We cannot be proud of the gifts given to us

Sunday, July 8, 2018

The readings today remind us that while some of us are gifted in many ways, others of us are broadly lacking. To those of us who are highly gifted, Jesus says, “What have you that you have not received? And if you have received these gifts from God, how can you glory as though they were of your own doing?”

In the second reading Paul thanks God for the shortcomings that have kept him from becoming proud.

Taking the readings altogether, they ask us to be patient with all of God’s creatures who are not gifted.

The disciples of Jesus do not punish their bodies

Saturday, July 7, 2018

In the gospel the disciples of John asks the disciples of Jesus ask why they did not fast and do penances. There is a similar division between old time Catholics and modern ones. This division can be traced back to the split between those who follow Apollo and those follow Aristotle, Apollo said that our souls are created before our bodies and need to go through life punishing our bodies. While dieethose who follow Aristotle, bgoelieve that our bodies and souls are created together can go through life seeking to have healthy bodies and healthy souls.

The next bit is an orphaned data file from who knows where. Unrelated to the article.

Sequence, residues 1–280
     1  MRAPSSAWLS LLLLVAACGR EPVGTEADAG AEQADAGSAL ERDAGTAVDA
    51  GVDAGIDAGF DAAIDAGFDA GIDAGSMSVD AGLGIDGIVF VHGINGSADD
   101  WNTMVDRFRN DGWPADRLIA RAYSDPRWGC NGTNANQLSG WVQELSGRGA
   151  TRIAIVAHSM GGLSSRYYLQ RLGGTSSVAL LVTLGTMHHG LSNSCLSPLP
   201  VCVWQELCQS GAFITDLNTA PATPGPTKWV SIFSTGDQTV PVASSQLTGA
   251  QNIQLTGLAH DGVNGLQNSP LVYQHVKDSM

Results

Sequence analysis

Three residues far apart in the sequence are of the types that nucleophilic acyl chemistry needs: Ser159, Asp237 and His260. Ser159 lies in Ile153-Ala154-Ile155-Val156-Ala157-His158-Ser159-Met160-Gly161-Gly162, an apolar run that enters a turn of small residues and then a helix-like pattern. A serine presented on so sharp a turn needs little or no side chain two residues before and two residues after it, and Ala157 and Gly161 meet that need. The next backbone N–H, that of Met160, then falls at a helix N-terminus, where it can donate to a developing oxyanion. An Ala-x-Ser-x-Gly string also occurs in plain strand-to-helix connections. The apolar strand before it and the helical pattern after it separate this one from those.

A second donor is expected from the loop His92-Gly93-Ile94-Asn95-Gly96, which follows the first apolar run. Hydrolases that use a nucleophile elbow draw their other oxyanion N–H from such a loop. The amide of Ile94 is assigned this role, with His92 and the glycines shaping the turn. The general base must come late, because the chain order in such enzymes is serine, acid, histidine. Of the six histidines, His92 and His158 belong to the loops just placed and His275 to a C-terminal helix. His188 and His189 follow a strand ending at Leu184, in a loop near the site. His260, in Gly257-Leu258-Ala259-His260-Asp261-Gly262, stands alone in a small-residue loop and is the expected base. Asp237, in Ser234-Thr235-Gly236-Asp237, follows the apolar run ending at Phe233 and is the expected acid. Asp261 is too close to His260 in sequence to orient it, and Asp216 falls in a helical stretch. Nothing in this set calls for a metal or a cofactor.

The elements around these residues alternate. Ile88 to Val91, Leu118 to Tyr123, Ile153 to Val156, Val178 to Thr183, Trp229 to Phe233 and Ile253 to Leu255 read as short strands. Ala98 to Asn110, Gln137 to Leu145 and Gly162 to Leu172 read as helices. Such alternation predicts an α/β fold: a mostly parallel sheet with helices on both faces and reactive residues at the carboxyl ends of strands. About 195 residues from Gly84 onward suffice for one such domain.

Who would Jesus eat with in Jacksonville?

Friday, July 6, 2018

In the gospel Jesus is said to have sat and eaten with sinners. We wonder how far he would go with that.

Like here in Jacksonville, we have unclean people with absolutely no place to bathe. Do you think Jesus would sit down with them? Would you? As Christians do you feel obliged to mix with such people?

Heroes come to mind on the Fourth of July

Thursday, July 5, 2018

A little over four weeks ago I fell and broke my leg in the hip joint. Badly hung up, I couldn’t write these daily homilies.

Coming back to these posts after the Fourth of July I want to thank our Founding Fathers for guaranteeing us the freedoms that protect our rights to grow into what God wants us to become.

The Statue of Liberty welcomed my grandparents, allowing them to learn, to grow, and to start new stable families. Today I recall my boyhood friend Johnny Burkheart who gave his life for us on D-Day during the invasion of France. I also remember Barry Albright who died for us in Korea. I remember a soldier friend named Stephen who wanted to become an operatic baritone but he was cut down by a sniper in Korea. I had to zipper up his dear face in a body bag, ending his singing ambitions.

pain brings healing

Per aspera ad astra
Through hardships we reach the stars.

Coming soon...

Thank you for visiting Father Sullivan’s webpage. He is back at home after a hospital stay. He will return soon to his regular posts.